being more evil than anyone alive. He blasphemed because He claimed to be God. He was
God. It was not a false claim. But mankind felt great conviction when He spoke and because
they were darkness, did not want to be reproved by His light.
Jesus could have summoned His glory and required His position to be honored. He had
the ability to destroy the entire world. You and I would never have been in hell because we
never would have been born. We would not have existed. But the world at that time would
have been lost.
Jesus was able to see into the future, and by seeing God’s hand in the future, was able
to trust God for the present. He was convinced that the future was not in the hands of his accusers
but in the hands of He Father.
He was able to commit Himself to the one who judged righteously. Obviously, that
was not the High Priest, the chief priests or the rulers of the Jews. They had made the greatest
mistake, and the worst judgment that had ever been made on the earth.
In the future all of those men will bow down to Jesus. You will probably witness, Caiaphas,
the High Priest, and Annas, his father-in-law, and Pilate bowing down and acknowledging
that the one they condemned was the actual Son of God. All of the misdeeds of the trial of
Christ will be unimportant compared to eternity. Those grievous accusations will be the
means that God chose to bring salvation to the Jews and the Gentiles.
The Man Moses –
Numbers 12:3 (Now the man Moses was very meek, above all the men which were upon the
face of the earth.)
Miriam and Aaron thought that Moses was making himself too important. He was not
the only one to whom God had spoken. Someone has said that Moses would not fight his
own battles, so God had to fight for Moses. When Miriam and Aaron brought these accusations
against Moses, it must have been very hurtful to him. They were his brother and sister.
Moses had the people of Israel rebel against his leadership many times. When your own sister
and/or brother turn against you, it is harder than a hundred strangers. It seems apparent
that Moses did not want God to hurt his brother and sister. He doesn’t say anything about
their accusation. He is silent. But God says something,
Numbers 12:6 And he said, Hear now my words: If there be a prophet among you, I the LORD
will make myself known unto him in a vision, and will speak unto him in a dream.
7 My servant Moses is not so, who is faithful in all mine house.
8 With him will I speak mouth to mouth, even apparently, and not in dark speeches; and the
similitude of the LORD shall he behold: wherefore then were ye not afraid to speak against my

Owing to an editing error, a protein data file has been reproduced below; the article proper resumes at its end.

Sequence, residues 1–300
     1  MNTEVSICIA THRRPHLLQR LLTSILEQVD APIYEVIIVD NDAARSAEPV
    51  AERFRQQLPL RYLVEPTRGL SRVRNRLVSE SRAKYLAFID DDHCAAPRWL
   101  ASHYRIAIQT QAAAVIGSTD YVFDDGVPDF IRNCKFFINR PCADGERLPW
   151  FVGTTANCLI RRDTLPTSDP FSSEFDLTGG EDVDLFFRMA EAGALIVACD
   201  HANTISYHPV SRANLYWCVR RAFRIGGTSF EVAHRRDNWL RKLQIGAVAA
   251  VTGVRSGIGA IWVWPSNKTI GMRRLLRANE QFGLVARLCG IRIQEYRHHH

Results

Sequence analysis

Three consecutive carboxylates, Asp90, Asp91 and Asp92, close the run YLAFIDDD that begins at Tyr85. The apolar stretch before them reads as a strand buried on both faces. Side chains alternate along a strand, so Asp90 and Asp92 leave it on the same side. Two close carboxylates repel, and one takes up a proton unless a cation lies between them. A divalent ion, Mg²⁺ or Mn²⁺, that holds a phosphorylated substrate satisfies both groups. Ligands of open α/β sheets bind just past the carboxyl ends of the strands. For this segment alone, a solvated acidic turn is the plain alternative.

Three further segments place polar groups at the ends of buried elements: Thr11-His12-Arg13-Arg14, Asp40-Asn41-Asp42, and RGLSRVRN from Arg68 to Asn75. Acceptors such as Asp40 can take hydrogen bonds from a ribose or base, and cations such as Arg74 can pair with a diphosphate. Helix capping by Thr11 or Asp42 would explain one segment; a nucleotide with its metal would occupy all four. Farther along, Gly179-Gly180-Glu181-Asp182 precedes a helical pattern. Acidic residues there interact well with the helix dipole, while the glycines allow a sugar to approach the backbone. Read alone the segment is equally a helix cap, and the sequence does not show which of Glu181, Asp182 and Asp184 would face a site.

servant Moses?
They were proud because God had spoken to them. God is speaking to them again in
these verses, but it wasn’t exactly what they wanted to hear.
 Did God judge them for their accusation? What was Miriam’s judgment?
Moses did not revile. He did not threaten. He committed the judgment to God. Was
God righteous in His judgement? Miriam was given leprosy and had to live outside of the
camp for seven days. There is no mention of a judgment on Aaron.
The Mote and the Beam –
Luke 6:42 Either how canst thou say to thy brother, Brother, let me pull out the mote that is in
thine eye, when thou thyself beholdest not the beam that is in thine own eye? Thou hypocrite,
cast out first the beam out of thine own eye, and then shalt thou see clearly to pull out the
mote that is in thy brother’s eye.
It is far easier to see the faults in others than it is to see the faults in our own lives. The
reason: we can justify our own sin and find excuses and reasons for what we do. But we can’t
see a reason or motive for what others do. Yet, we only see a small amount of the sin of another,
but we see a great deal of sin in or own hearts.
 What does this have to do with judging others?
 What does this have to do with the right thinking when we are judged by others?
In both cases, it is important to see that we are all sinners. We DO HAVE SIN IN OUR HEARTS
THAT NEED TO BE CLEANSED. Every false accusation also contains some truths. As in the case
of an erring brother,
Galatians 6:1 Brethren, if a man be overtaken in a fault, ye which are spiritual, restore such an
one in the spirit of meekness; considering thyself, lest thou also be tempted.
It is critical that we learn to accept things from the hand of God. When we are falsely
accused, we need to ask, “could God have prevented this?” “Why didn’t He.” If God allows
something to come into your life, it is good and needed. We need to consider ourselves and
learn not to judge others, not to falsely accuse others, and not to revile others.